The Art or Science of Parenting

By Parentline, 20 June 2011


There’s that delightful advertisement of the first time mother being handed her new born baby and then reaching out for the accompanying Parenting Manual. For most of us, parenting is probably the hardest job we ever take on and there are few opportunities to learn exactly what the task involves. The expectation is that we all are inherently good parents, when clearly that is not always true.

The government has announced a cash injection for positive parenting programmes.

Social Development Minister Paula Bennett says funds will be available to community initiatives working with parents. This funding is part of the Government’s latest funding round of its SKIP fund and will assist communities to explore new ways to promote positive parenting.

The funding and associated programmes are mainly aimed at supporting parents of pre school children.

As an example Parentline currently facilitates three parenting programmes.

Parents Building Bridges is a group programme that explores the impact of separation on children. The focus of this programme is where it needs to be – on the children. The programme offers practical tips on a step by step basis and raises a number of pertinent questions that are then openly discussed by those parents in attendance.  A particular component covers the process of accessing the Family Court system and applications for Parenting Orders.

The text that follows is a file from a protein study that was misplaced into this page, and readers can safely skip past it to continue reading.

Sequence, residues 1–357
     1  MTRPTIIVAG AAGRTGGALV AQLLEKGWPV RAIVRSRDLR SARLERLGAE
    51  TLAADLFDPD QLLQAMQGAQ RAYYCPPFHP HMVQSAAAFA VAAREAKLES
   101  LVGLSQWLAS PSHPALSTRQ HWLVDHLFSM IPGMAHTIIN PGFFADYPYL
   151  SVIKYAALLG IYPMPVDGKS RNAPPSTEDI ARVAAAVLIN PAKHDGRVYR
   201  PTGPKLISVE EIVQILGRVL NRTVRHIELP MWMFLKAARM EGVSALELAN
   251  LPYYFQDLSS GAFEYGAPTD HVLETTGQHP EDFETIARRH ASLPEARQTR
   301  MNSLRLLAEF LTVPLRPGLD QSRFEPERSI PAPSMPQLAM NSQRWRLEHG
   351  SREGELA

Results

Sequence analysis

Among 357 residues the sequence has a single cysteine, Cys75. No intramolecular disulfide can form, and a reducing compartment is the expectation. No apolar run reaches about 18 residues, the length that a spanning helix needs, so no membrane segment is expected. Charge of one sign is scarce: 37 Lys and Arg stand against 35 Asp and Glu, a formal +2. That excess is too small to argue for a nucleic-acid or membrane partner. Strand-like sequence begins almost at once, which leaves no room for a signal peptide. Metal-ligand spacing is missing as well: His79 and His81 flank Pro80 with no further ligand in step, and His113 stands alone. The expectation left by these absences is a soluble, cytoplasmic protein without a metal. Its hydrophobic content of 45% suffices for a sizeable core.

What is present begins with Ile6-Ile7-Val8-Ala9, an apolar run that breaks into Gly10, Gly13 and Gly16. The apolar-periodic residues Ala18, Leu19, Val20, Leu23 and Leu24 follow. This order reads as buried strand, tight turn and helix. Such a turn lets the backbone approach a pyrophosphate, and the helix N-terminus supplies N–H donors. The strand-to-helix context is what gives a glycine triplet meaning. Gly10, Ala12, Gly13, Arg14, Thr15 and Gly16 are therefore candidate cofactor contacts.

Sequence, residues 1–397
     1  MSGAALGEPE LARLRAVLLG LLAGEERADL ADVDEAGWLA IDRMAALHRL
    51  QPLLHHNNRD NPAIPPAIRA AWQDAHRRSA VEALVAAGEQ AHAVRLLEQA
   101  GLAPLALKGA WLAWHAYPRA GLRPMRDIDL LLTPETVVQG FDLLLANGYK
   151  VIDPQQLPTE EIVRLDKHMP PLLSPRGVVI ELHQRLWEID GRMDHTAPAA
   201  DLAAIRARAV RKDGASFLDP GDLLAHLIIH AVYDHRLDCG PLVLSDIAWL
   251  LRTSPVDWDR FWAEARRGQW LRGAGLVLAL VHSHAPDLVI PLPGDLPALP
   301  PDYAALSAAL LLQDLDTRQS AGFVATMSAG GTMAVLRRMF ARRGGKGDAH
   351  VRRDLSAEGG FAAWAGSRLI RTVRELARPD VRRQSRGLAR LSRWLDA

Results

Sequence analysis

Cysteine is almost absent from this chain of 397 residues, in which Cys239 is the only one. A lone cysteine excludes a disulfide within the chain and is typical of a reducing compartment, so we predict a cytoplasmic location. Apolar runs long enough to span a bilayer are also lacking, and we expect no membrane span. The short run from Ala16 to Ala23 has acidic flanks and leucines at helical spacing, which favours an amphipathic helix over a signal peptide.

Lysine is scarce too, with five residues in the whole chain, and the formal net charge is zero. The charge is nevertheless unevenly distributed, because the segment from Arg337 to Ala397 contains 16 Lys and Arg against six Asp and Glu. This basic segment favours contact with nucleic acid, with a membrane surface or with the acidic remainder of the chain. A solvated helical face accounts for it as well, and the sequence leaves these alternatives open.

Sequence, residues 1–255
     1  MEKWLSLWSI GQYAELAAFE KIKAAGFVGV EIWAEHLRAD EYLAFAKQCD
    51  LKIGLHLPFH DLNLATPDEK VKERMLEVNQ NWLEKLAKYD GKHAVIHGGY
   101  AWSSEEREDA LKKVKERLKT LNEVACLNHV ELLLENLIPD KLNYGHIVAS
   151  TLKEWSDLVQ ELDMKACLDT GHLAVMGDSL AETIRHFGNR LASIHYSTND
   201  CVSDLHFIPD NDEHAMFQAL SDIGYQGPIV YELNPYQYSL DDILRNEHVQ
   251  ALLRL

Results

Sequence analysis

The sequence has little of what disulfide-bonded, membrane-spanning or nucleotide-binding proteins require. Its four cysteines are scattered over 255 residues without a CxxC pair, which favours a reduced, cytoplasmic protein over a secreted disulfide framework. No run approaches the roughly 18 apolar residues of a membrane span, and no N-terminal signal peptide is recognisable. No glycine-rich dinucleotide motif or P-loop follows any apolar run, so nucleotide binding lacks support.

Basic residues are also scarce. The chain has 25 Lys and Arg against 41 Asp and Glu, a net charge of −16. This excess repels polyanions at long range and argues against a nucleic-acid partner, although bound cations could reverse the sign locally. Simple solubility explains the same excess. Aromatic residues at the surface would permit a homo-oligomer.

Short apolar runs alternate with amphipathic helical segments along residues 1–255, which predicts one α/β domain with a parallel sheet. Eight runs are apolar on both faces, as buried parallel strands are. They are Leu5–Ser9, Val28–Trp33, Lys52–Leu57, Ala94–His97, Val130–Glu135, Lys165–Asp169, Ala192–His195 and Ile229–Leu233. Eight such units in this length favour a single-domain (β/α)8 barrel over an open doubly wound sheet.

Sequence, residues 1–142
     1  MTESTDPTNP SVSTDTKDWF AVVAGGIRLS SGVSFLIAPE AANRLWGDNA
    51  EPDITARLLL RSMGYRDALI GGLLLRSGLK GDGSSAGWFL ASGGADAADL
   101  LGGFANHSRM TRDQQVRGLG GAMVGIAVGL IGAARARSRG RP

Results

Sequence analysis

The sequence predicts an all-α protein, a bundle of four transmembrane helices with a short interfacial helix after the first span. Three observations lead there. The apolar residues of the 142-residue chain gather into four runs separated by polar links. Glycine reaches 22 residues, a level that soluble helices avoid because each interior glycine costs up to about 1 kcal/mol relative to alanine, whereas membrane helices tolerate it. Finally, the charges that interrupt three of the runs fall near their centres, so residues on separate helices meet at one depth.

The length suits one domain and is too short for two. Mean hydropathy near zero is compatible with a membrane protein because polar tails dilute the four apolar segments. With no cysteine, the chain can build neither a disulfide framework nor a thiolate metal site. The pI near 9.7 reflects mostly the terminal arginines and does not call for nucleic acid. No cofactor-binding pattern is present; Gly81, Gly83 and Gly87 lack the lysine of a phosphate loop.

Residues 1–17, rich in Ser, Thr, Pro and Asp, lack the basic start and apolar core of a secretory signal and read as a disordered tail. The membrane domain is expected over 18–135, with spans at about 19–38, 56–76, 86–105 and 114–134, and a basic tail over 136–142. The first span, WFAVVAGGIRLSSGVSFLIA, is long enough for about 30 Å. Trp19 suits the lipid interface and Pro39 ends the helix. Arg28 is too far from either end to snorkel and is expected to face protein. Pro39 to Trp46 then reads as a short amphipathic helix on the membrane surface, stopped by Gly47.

Parentline also offers a Parenting Programme that has recently been revised and will be formally evaluated in the future. The content of the programme is designed to meet the specific needs of the participants.  It is an opportunity for parents to ask all of those questions that we have always wanted to ask, but have dared not too. Participants at a recent group were comforted that their anxieties and fears of inadequacy in their role of a parent, were common to most other participants in the group.

The outcome of this group is that participants are assured that they have the skills and support to deal with the many presenting issues that parents contend with on a daily basis. The last programme I want to talk about is a Maori programme called Te Hiringa Tipu. This is a whanau based programme where we work with both children and parents – on the basis that we often work with children only. In this programme we work with the children and parents separately and then bring the two together to consolidate and strengthen the family unit. The programme uses Maori concepts as a unifying force that gives context to the struggles of living in a modern environment.